From Erin

Happy St. Patrick’s Day!

St. Patrick’s Day is one of the few holidays that people use as an excuse to party—whether they’re actually Irish or just celebrating their faux-Irish descent. Whether you’re as green as a leprechaun or just a wannabe Irish bloke or lass, celebrate right this St. Patty’s Day, the FBG way!

Green beer
Green food coloring doesn’t add calories to beer, so drink up. Just remember, a 12-ounce glass of a cold light beer has about 110 calories. And while Guinness may seem like it would be a heavier beer, a hunt through the web had conflicting numbers. An article from a head brewmaster, though, put a pint of Guinness at 125 calories.

Potatoes and Cabbage
Skip the French fries and celebrate St. Patty’s Day by eating some mashed potatoes. As fitness guru Denise Austin let us know, potatoes are a powerhouse food. While they may have gotten a bad rap during the Atkins anti-carb phase, the Idaho Potato Commission recently revealed that the potato was the favorite American veggie, chosen by 26 percent of Americans. At approximately 25 cents per potato, each 5.3 oz spud has only 110 calories, contains zero fat and zero cholesterol, provides 45 percent daily value of vitamin C, and also nourishes the body with potassium, fiber and vitamin B6. And if you have any doubt about the importance of the potato, read about the Irish Potato Famine for convincing. Cabbage is also a great choice, with gobs of vitamins K and C, as well as fiber, folate and Omega 3s.

Burn it off
Just five minutes of an Irish step dance will burn off almost 24 calories (based on a 140-pound non-leprechaun), so do a jig on the street or hit a dance floor to make up for the beer. I’m not sure how many calories you can burn by playing darts, which are apparently a big hit in Ireland, but from past experience, I know you can get a sore arm or elbow out of that endeavor.

If you’re going to any type of parade—if you have to fight the crowds and park far away just to get there—even if you walk at a snail’s pace, you will burn 53 calories in 20 minutes. If you walk home, as you should if you’re a bumbling, stumbling fool, you’ll burn 120 calories if it takes you 30 minutes to weave your way home. If you’re actually in the parade walking, give yourself more calorie-burn props for waving enthusiastically.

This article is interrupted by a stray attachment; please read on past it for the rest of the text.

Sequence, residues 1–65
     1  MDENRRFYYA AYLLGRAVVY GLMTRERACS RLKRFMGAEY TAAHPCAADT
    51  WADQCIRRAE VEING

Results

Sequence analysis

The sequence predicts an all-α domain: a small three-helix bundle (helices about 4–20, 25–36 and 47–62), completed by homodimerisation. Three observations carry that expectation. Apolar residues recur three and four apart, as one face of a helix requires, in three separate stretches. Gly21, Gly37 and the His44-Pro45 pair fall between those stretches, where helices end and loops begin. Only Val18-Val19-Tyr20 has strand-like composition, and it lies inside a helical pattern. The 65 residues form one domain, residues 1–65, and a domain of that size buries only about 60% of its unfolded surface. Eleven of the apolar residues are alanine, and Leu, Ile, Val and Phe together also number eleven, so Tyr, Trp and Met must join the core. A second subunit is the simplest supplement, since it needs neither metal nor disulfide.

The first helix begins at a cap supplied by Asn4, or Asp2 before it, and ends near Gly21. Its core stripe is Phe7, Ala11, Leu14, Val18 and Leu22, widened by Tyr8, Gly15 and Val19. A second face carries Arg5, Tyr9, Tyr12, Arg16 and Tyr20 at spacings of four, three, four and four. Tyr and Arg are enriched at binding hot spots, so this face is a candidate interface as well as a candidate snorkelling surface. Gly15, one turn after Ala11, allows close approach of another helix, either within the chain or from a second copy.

Whether you choose to get your drink on, walk a parade route or just wear some green, have a safe, festive Irish-inspired day! —Erin (go Bragh!)

Want non-St. Patty’s news? Check out whether to munch after a workout and new fishy findings.

Photos grabbed from SpaceAgeSage, psd and Seamus Murray at Flickr.

Comments

  1. Yum Yucky says

    I want some corned beef, cabbage and potatoes! And I also want to party with an Irish person at least once in my lifetime. It looks like fun.

  2. Lisa Connelly says

    Easy Diets For Taming Holiday Food Temptations:

    tatistically, Americans gain between 1 and 10 pounds each year during the holiday months starting with Thanksgiving through Valentine’s Day. Temptation is everywhere; it’s at holiday parties, the office, at the homes of friends and even in your own kitchen. So you need to keep a sharper, more vigilant eye on your goal in order to make wise choices – for starters, select smaller portions of those irresistible goodies, avoid the unconscious urge to taste everything that’s set before you and limit your alcohol consumption.
    Holiday festivities traditionally revolve around food and the pressure to overindulge can throw any well-intentioned dieter into a tailspin. So be conscious of what you eat and select smaller portions. Dish out an appetizer-sized serving instead of a towering plate full. Remember to stick to your healthy regimen when you’re not at parties and, by all means, avoid the lunch room at work; it’s a place where baked goods abound during the holidays.
    Be sensible. If you must have a piece of pumpkin pie, a slimmer slice will help promote a trimmer you. If you’re baking for friends, resist the urge to sample your wares and get them packed up and out of your house as quickly as you can. If you’re going to a holiday party, don’t go on empty – have something light to eat first, the less hungry you are to start with, the less inclined you’ll be to overeat.
    Avoid using comfort foods to compensate for a loss. The holidays can be a sad time, especially if you’ve recently lost a loved one. Fill the void with supportive friends and family – not food.
    When the weather turns cold, the temptation is to turn to warm and comforting foods to keep the chill away. Dress right for the cooler weather and stick to your normal eating regimen. Don’t slip into patterns of overeating or start bulking up on carbs as a way to stay warm this winter.
    Most importantly, remember that the holidays are about family and friends – not food. So keep your focus on the real meaning behind the festivities and enjoy the season!

    http://www.dietsinreview.com

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